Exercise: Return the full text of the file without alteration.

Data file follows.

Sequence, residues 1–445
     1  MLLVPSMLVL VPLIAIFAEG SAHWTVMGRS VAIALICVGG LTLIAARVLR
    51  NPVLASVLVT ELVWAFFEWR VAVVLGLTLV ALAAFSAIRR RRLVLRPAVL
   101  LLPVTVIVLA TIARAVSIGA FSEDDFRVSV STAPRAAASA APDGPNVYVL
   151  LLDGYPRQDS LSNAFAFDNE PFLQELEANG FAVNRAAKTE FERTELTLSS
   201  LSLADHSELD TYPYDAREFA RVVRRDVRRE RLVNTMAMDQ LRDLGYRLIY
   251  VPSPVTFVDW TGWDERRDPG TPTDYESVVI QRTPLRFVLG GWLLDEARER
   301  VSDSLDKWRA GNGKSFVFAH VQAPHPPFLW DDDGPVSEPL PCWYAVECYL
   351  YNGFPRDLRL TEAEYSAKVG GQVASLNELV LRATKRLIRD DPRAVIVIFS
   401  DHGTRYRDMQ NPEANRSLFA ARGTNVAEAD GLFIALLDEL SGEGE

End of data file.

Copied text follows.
Sequence, residues 1–445
     1  MLLVPSMLVL VPLIAIFAEG SAHWTVMGRS VAIALICVGG LTLIAARVLR
    51  NPVLASVLVT ELVWAFFEWR VAVVLGLTLV ALAAFSAIRR RRLVLRPAVL
   101  LLPVTVIVLA TIARAVSIGA FSEDDFRVSV STAPRAAASA APDGPNVYVL
   151  LLDGYPRQDS LSNAFAFDNE PFLQELEANG FAVNRAAKTE FERTELTLSS
   201  LSLADHSELD TYPYDAREFA RVVRRDVRRE RLVNTMAMDQ LRDLGYRLIY
   251  VPSPVTFVDW TGWDERRDPG TPTDYESVVI QRTPLRFVLG GWLLDEARER
   301  VSDSLDKWRA GNGKSFVFAH VQAPHPPFLW DDDGPVSEPL PCWYAVECYL
   351  YNGFPRDLRL TEAEYSAKVG GQVASLNELV LRATKRLIRD DPRAVIVIFS
   401  DHGTRYRDMQ NPEANRSLFA ARGTNVAEAD GLFIALLDEL SGEGE